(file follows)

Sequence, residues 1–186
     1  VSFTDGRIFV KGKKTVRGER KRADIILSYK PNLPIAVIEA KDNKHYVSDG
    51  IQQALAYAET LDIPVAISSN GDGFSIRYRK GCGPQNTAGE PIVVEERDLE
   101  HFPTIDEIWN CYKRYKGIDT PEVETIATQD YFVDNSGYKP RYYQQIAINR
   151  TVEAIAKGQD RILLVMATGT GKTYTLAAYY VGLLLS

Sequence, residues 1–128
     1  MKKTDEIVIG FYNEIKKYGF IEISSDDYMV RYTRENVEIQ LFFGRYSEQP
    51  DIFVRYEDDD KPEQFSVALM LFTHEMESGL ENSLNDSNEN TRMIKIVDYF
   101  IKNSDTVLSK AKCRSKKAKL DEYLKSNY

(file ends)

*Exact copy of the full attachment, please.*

Sequence, residues 1–186
     1  VSFTDGRIFV KGKKTVRGER KRADIILSYK PNLPIAVIEA KDNKHYVSDG
    51  IQQALAYAET LDIPVAISSN GDGFSIRYRK GCGPQNTAGE PIVVEERDLE
   101  HFPTIDEIWN CYKRYKGIDT PEVETIATQD YFVDNSGYKP RYYQQIAINR
   151  TVEAIAKGQD RILLVMATGT GKTYTLAAYY VGLLLS

Sequence, residues 1–128
     1  MKKTDEIVIG FYNEIKKYGF IEISSDDYMV RYTRENVEIQ LFFGRYSEQP
    51  DIFVRYEDDD KPEQFSVALM LFTHEMESGL ENSLNDSNEN TRMIKIVDYF
   101  IKNSDTVLSK AKCRSKKAKL DEYLKSNY